Wednesday, July 14, 2010

Reasons to Read Elijah of Buxton

Ten Reasons to Read Elijah of Buxton by Christopher Paul Curtis


1. The story is based on the real history of the Elgin Settlement and Buxton Mission of Ontario Canada. This is a place established by a white minister for escaped and freed slaves in the 1850s. Much of the novel is based on the true facts of this place. The history itself is rich and interesting. The book is dedicated to the first twenty inhabitants of the town. Elijah, a fictional character, was the first child born free in Buxton.

2. Even though Elijah, the narrator, is only eleven, he deals with very complex and adult related situations. Some of the situations are "bust-a-gut" funny and some are deadly serious. Throughout it all, Elijah has to think smart and as grown up as he can to keep himself and others safe in his world. Kids today of any age can relate….especially kids in grades 4-8.

3. The chapter 'Familiarity Breeds Contempt' is the best lesson I've ever encountered on why no one in their right mind should ever use the "n" word. It starts out funny, ends up serious and satisfying.

4. The end of the story has fantastic suspense. Read this…"When you first walk into a room in a house, or into a stable, they have a way of telling you they know you're there. It ain't nothing particular noticeable, but the air inside of 'em changes like it's saying, "I'm watching you." But I got into this stable so quiet and sneakish that nothing knowed I'd cracked open the door, held my breath and took a step inside." (p. 289-290).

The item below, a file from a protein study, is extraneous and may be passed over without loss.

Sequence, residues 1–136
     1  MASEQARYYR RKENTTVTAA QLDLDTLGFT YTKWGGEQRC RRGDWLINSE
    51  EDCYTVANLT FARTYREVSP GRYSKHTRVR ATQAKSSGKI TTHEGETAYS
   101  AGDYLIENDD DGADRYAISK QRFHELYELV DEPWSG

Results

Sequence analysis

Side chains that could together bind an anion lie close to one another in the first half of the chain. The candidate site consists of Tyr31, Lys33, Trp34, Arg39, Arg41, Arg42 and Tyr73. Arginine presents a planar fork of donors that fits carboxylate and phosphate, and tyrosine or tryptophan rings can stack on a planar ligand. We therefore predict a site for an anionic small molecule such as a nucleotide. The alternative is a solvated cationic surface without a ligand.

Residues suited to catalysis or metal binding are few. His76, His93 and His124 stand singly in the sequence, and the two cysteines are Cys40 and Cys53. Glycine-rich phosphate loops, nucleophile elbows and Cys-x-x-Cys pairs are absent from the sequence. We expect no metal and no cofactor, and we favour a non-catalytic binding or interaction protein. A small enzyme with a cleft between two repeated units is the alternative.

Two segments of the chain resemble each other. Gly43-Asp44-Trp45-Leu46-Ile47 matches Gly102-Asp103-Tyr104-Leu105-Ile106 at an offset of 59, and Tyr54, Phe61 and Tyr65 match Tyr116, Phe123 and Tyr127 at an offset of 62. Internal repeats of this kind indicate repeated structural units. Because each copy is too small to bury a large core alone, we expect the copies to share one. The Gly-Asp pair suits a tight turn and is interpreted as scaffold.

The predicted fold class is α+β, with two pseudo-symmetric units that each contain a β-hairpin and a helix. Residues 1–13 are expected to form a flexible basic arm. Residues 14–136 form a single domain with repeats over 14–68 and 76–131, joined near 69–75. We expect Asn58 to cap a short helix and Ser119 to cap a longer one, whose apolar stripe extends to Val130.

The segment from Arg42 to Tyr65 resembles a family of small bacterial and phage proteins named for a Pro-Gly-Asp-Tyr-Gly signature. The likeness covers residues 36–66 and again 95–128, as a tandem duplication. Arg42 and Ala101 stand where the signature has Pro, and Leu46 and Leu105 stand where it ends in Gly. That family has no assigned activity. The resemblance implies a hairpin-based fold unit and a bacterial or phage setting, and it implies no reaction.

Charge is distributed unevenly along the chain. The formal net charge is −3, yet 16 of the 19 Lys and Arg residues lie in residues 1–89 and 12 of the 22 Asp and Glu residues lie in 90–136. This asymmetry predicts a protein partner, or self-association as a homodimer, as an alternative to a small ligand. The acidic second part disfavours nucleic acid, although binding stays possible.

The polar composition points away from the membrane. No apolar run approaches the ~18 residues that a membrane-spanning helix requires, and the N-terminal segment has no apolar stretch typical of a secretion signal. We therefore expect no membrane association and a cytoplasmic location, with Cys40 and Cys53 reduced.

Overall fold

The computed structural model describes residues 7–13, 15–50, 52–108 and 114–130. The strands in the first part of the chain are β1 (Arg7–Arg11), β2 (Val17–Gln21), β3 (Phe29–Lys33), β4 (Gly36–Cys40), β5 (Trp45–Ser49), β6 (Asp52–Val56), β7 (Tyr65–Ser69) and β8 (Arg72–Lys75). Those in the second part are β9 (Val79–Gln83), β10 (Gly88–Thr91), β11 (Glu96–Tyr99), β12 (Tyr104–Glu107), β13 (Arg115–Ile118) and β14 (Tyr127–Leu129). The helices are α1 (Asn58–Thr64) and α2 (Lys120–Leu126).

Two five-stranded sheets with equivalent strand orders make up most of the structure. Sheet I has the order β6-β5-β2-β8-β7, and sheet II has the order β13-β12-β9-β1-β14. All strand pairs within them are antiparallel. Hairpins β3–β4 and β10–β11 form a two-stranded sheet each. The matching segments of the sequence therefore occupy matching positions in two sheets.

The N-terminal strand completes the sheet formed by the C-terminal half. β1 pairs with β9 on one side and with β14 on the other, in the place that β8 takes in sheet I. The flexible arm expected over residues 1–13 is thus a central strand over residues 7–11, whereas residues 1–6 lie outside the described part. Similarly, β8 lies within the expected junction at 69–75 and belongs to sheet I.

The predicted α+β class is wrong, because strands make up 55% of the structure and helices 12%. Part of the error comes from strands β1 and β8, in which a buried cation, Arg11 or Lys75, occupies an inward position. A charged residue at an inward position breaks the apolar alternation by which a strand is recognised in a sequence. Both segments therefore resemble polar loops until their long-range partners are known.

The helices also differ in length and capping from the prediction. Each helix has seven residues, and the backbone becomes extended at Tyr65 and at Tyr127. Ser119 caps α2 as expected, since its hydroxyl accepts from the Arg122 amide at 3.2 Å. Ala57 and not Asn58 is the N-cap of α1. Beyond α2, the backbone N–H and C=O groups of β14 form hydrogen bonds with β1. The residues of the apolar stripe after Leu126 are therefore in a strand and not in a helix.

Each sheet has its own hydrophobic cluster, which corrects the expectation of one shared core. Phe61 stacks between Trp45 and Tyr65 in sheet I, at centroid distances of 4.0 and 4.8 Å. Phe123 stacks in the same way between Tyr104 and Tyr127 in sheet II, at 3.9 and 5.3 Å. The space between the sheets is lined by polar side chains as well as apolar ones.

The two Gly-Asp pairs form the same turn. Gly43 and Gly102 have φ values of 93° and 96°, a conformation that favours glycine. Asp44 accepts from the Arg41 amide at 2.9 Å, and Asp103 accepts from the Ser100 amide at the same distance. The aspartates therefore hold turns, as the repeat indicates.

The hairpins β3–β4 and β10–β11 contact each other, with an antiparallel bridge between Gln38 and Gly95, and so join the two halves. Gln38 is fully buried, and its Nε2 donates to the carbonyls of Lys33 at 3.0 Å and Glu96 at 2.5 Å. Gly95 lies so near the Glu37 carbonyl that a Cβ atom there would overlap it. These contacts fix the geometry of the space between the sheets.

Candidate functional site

5. There are descriptions of slave life re-told by characters that escaped from slavery or who are attempting to escape are appropriate for juvenile readers but carry horrors in a way that the reader feels like they understand slavery in new way.

6. Even though the narration and dialog are written in the dialect of the times and group, it doesn't make the story harder to read.

7. The characters of the book are believable, loveable and funny. Even though living in Buxton isn't easy, it's full of people anyone would want for family, friends and neighbors.

8. Elijah has one of the coolest talents described in a story—chunking.

9. The author, Christopher Paul Curtis has written many other GREAT books. His writing is so rich and descriptive that it makes the reader want to read all his books. Books by Curtis can be found at his official website: http://www.randomhouse.com/features/christopherpaulcurtis/

10. As with several of Curtis' books, Elijah of Buxton is an award winner. It was a Newberry Honor Book in 2008 as well as winner of the 2008 Coretta Scott King Prize.


Curtis, C. Elijah of Buxton 2007. New York: Scholastic Press

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